UPDATE 2012-07-07: Situation in 2012 is the same. Live on the television on RDS and TSN2. If instead you live in the 21st Century and want to watch on demand on your computer in Canada... unlucky. ENDUPDATE
Here's a problem: distributing content. We used to either transport content (vinyl records, video tapes, CDs, movie film canisters) or transmit content to a geographically-limited audience (over-the-air broadcast television and radio).
And embedded into the model of content distribution that developed are "broadcast rights". The rights to display content to your particular region. A US TV show, a stream of bits, may show up on Canadian TV but with Canadian commercials inserted - the Canadian channels insert their commercials because they have the rights to "rebroadcast" the US TV show. US TV shows show up on Canadian cable, but some channels are simply prohibited. The satellite dishes and digital feeds at your cable company can receive any TV signal but you are not permitted to choose from the entire global set of offerings, only the licensed channels, the permitted content for your country. DVDs have multiple "regions", so a DVD from one region "won't play" (is enforced in software not to work) in another region.
This trend of enforcing boundaries through law when they no longer exist as technological constraints is a symptom of trying to preserve the content distribution "problem" when it has been solved.
For example in the US you can watch Jon Stewart's Daily Show on ComedyCentral.com and many websites will highlight particular segments of interest. All of the links for which don't work in Canada.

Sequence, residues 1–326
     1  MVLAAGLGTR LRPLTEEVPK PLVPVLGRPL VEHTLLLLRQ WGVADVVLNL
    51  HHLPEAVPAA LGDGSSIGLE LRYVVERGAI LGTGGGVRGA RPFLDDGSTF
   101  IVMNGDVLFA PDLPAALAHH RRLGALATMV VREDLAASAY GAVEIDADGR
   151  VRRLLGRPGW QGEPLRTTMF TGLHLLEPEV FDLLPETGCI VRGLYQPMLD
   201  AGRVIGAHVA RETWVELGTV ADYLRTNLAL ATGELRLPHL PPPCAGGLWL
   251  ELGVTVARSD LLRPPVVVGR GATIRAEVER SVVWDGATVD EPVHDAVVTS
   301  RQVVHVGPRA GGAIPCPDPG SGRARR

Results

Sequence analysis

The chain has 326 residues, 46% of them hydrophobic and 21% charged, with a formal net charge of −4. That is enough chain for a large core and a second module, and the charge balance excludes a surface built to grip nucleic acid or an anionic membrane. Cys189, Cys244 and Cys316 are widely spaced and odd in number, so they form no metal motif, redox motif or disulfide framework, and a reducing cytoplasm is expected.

ComedyCentral.com will point you to the licensed Canadian channel, TheComedyNetwork.ca - but it won't preserve any of the context in the link it provides, so instead of the specific US clip, you just end up with the main Daily Show landing page in Canada. To find a clip when you have only a US link, you have to figure out exactly what show it was from, and then manually navigate to that segment on the Canadian site. It's ridiculous. It would be very slightly less ridiculous if they would at least take the time to map the US links to the Canadian links.
Effectively this kind of "geofence" breaks the web. I can say "look, here's a clip that explains my point" and link to the US site... and a Canadian clicking on the link can't see the content, they have to manually try to figure out what was linked to and navigate to it (pretty unlikely except for the very determined). A link is not a link, a page is not a page. A link is now artificially country-specific, a legal layer imposed on top of a borderless web.
Not only does this break the web, but in some sense it breaks capitalism. There is no free market, there is a geographically-enforced market. You can have the dollars ready to spend, but no one to take your money. Want to buy the Tour de France iPad app? Sorry, not in Canada. Want the NBC "All Access" Tour app? Sorry, US only. Want to watch the Versus Tour de France online coverage? Sorry, US only. Want to watch the Tour with various enhanced features on the TV2 Sumo website, or the France2 website, or the Eurosport website? Sorry, those choices are not permitted.
The situation is extra confusing as the Versus online coverage worked fine in Canada last year, it's only with their partnership with NBC that it's become US-only.
Ok, fair enough, want to watch the Tour in video on demand from a licensed Canadian source? Sorry, one does not exist. Don't have a TV and want to see the Tour in Canada? Sorry, no Tour for you. The only providers in Canada are broadcast television only, TSN2 and Evasion. Your money is no good here. (TSN does have streaming apps but they are provider-fenced. Through legal magic, the open Internet turns into one that is different depending on your service provider. TSN mobiletv only "exists" if you get the Internet through Bell and Virgin, not if you're on one of Canada's other huge ISPs such as Rogers.)
All of this to say, make sure that in your organisation you're not doing this, that you're not artificially restricting processes, people and content simply because it's the way it used to work (a typical example is content provided only on a departmental intranet when it could be provided to the entire organisation or the world).
Some screenshots to conclude: